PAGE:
As for the ragged leftover glue issue- I've found that with JBLs, instead of scraping the foam off, a VERY light scoring of the paper cone with an Exacto knife, (just enough to make a mark in the paper, basically) all around the cone, on the backside of the cone right at where the surround stops and the cone starts, usually allows a careful rebuilder to just pick at, pry up and peel off the entire old dead surround, glue, foam and all, with just the TINIEST layer of paper with it. This will usually leave a nearly PERFECT surface, just waiting to have glue applied and a new surround applied.
In fact, I just got through rebuilding a recently-rescued-from-a-speaker-boneyard pair of PR8s (probably from a pair of L66s, AFAIK) this way, today... turned out spiffy, if I do say so myself!
07-08-2003, 09:41 PM
"for the ragged leftover glue issue"...
I personally strive to not take any paper - either along the front edge, nor the immediate back-side lip. And, where paper has begun to come away with the glue, I tend to leave it alone, rather than risk any thinning to the important cone edge. In these instances, I will pin-point some glue to reattach this.
I fastidiously and very gently scrape the old remains off - going around and around again with an always-new Xacto #10 curved blade, propping the cone-edge up on a 1/2-in scrap of clean birch to minimize mis-orientation of the coil.
Recently, in limited cases and on some cones where the basket provides sufficient space, I have used a Dremel at half-speed with a very fine-grit flat-edge stone to remove ONLY the easiest-to-remove old glue. I don't recommend this, though, unless you've very, VERY steady hands and good eyes (and lighting ;) ), but this has improved the cleaning markedly (particularly good for old, very hardened Lansalloy surrounds) without encurring any risk damage to the cone edge. However, this doesn't have application to all transducers due to the limited space between the frame and cone edge.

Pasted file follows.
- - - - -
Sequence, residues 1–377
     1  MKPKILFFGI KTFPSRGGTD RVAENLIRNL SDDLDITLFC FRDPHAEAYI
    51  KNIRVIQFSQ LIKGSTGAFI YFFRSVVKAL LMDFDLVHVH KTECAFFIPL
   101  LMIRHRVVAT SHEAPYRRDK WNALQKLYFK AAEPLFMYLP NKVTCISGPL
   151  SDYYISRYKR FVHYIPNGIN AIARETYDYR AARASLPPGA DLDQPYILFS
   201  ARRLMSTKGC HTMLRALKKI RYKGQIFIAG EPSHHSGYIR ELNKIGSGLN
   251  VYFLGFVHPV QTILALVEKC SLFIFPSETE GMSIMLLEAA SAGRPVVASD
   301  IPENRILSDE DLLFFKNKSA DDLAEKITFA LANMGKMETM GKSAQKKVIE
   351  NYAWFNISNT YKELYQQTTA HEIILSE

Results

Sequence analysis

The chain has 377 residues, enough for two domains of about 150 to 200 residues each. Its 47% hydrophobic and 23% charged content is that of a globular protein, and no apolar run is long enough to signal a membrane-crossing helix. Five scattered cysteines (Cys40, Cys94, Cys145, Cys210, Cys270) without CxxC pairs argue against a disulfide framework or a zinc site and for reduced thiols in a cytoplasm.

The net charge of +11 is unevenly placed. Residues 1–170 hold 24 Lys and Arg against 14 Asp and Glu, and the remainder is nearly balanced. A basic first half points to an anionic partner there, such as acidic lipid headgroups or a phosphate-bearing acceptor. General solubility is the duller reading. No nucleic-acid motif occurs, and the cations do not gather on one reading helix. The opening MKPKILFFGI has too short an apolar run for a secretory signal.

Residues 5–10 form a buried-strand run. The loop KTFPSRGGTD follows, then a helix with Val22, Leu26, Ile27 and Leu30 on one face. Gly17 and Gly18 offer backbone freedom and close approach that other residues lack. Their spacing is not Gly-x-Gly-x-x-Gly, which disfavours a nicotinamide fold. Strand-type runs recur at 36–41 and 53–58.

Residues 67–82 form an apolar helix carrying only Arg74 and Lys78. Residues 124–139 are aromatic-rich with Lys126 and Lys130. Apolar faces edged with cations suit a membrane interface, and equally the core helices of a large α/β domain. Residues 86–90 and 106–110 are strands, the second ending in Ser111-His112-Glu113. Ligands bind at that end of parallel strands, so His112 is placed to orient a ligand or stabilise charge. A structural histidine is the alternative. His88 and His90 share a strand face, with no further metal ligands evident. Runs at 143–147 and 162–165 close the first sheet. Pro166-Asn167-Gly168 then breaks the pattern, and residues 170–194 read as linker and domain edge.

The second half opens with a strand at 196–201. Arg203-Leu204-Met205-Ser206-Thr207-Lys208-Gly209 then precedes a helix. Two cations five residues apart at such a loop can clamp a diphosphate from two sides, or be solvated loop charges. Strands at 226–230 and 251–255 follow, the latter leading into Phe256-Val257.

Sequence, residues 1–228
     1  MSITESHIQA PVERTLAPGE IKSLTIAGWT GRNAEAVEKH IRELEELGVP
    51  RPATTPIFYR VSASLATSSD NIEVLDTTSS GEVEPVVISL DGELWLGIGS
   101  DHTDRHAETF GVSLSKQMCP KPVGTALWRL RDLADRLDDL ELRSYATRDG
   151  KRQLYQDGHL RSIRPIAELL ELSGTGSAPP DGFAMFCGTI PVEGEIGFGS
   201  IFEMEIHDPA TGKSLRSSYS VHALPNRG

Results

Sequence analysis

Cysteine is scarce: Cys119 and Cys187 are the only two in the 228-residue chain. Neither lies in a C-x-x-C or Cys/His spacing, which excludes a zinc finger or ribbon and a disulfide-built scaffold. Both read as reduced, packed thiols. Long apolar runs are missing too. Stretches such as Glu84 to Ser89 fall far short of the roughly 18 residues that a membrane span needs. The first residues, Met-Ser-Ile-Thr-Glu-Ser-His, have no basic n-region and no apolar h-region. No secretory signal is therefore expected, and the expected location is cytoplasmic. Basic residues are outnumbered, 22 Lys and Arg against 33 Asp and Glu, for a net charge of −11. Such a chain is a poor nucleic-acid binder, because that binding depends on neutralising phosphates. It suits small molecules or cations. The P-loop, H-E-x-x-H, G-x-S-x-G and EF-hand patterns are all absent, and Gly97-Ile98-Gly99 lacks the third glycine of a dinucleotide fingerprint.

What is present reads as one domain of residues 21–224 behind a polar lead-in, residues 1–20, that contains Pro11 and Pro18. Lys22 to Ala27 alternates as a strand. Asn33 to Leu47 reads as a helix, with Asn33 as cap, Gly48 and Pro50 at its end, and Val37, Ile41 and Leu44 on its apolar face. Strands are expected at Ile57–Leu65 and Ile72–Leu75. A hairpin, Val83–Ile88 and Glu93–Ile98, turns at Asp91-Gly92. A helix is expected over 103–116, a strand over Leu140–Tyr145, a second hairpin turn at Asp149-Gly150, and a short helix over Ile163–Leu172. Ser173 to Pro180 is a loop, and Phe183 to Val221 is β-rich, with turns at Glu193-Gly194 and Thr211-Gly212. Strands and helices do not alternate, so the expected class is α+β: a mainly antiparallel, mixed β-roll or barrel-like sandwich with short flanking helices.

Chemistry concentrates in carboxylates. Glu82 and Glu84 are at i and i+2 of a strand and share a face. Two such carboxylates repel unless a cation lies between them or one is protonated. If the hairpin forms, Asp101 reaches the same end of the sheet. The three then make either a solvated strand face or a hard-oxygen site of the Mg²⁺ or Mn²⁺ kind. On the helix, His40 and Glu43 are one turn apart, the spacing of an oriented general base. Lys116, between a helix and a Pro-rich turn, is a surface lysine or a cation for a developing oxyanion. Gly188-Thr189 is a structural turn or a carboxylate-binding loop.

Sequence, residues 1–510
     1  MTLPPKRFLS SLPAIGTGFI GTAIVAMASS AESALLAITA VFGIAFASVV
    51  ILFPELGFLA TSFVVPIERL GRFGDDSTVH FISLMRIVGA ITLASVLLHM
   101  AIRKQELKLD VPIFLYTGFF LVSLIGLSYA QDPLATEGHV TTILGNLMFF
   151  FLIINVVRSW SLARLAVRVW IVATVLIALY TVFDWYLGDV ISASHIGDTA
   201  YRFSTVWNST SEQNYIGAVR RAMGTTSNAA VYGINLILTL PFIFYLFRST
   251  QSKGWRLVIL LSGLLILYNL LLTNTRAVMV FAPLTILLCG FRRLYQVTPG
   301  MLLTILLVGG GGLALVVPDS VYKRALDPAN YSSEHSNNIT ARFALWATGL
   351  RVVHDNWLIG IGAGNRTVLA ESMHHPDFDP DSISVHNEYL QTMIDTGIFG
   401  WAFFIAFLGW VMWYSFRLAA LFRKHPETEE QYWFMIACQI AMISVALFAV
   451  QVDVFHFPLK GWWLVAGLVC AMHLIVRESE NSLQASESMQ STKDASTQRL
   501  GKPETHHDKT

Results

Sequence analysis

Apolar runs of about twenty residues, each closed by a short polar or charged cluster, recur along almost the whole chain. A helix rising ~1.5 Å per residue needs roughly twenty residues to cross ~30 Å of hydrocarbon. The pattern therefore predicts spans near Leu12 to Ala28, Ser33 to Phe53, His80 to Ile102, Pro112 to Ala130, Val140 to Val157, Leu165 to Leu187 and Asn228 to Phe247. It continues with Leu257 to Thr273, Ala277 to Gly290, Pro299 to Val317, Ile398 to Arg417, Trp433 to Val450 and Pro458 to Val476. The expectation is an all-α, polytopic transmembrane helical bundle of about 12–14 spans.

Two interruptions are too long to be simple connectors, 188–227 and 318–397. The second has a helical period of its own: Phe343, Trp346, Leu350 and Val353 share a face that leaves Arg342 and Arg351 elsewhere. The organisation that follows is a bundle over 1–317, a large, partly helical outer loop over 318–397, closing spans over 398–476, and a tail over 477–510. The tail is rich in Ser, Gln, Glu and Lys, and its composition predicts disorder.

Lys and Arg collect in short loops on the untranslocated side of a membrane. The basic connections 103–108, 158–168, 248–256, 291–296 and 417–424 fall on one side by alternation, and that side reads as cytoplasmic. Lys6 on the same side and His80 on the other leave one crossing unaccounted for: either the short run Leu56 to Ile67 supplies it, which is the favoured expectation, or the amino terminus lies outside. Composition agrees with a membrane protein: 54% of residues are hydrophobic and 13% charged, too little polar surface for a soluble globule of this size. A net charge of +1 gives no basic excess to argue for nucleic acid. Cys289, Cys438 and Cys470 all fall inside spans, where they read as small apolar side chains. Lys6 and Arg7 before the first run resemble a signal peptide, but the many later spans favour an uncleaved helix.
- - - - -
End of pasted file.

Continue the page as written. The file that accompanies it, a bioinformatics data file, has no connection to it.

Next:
07-08-2003, 11:56 PM
I picked up a clean set of 2245H's on Ebay recently for a reasonable price ($300). Since they were "buy-it-now", I pulled the trigger right away. They did show up with the surround redone on the outside.
I asked Lloyd @ Spectrum Sound if I would notice any difference. He said the sound could be slightly altered, but I probably would not notice any difference. He added the voice coil will sit a little lower in the gap.
Not something you would want to do if your spiders were weak. :(
This meaage comes from JBL Dog :cool:
07-09-2003, 07:59 AM
Well, as for paper thinning... my method is, after peeling the surround, to soak white glue into the paper, where the peel took place. This, IME, more than makes up for any loss of stiffness due to the thinning of the paper.
In fact, if I'm using some of the new polyether surrounds (as opposed to the old polyurethane, which was subject to attack from airborne fungus, and in fact this is what causes almost all foam surround rot), since they're NOT succeptible to airborne attack and generally last 2-3 times (or more) as long as the original surrounds, I frequently just use white glue to attach the new surround to the cone as well. IME, it makes for an overall stronger (and MUCH stiffer) joint, due to the fact it soaks into both the paper and foam. Very good thing when dealing with the brittle Lansaplas woofers. Also, the extended repositionablity of white glue (ie, the slower drying), allows for a fail-safe, always dead-on straight, even application of the surround. Most times, even pros can't tell that the surround is a replacement, after this procedure!
I've done the scraping and grinding methods too... the only problem is, that the probability of damaging the cone by bending, cutting, tearing or wrinkling it while applying the necesary force to scrape stubborn deposits, or by just plain OOPS, the grinder or blade slipped, accidents, IME outweighs the necessary evil of taking off a tiny layer of paper with the old surround. Any little bend accidentally done to the cone, and bam, there goes a crack in the Lansaplas. I've had to stabilize and fix this sort of damage before, where someone attempted to do a clean by mechanical means...
07-09-2003, 08:16 AM
"or by just plain OOPS"
Whichever way, it is simply a time-consuming and tedious task where I have come-up with no real "time savers".
But, it is a job best done correctly - the satisfaction of being well done, is long lasting. ;)